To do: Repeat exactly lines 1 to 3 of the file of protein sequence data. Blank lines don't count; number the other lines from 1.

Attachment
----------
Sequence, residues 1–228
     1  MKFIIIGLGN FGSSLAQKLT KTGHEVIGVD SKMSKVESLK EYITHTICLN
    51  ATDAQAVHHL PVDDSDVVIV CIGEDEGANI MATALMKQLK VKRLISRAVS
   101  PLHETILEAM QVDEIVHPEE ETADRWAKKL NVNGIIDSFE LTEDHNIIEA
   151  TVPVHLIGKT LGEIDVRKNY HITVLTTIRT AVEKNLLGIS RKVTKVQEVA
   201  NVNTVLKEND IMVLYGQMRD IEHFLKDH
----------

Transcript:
Sequence, residues 1–228
     1  MKFIIIGLGN FGSSLAQKLT KTGHEVIGVD SKMSKVESLK EYITHTICLN
    51  ATDAQAVHHL PVDDSDVVIV CIGEDEGANI MATALMKQLK VKRLISRAVS